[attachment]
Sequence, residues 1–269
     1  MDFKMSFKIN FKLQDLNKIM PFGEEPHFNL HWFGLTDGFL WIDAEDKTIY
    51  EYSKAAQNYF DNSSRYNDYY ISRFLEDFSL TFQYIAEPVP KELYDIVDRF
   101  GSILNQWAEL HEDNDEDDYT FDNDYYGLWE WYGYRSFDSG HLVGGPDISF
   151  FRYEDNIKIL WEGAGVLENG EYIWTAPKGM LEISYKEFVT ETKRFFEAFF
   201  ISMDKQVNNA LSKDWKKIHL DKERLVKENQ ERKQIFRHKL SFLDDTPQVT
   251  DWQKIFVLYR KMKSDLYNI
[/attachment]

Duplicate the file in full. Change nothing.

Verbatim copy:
Sequence, residues 1–269
     1  MDFKMSFKIN FKLQDLNKIM PFGEEPHFNL HWFGLTDGFL WIDAEDKTIY
    51  EYSKAAQNYF DNSSRYNDYY ISRFLEDFSL TFQYIAEPVP KELYDIVDRF
   101  GSILNQWAEL HEDNDEDDYT FDNDYYGLWE WYGYRSFDSG HLVGGPDISF
   151  FRYEDNIKIL WEGAGVLENG EYIWTAPKGM LEISYKEFVT ETKRFFEAFF
   201  ISMDKQVNNA LSKDWKKIHL DKERLVKENQ ERKQIFRHKL SFLDDTPQVT
   251  DWQKIFVLYR KMKSDLYNI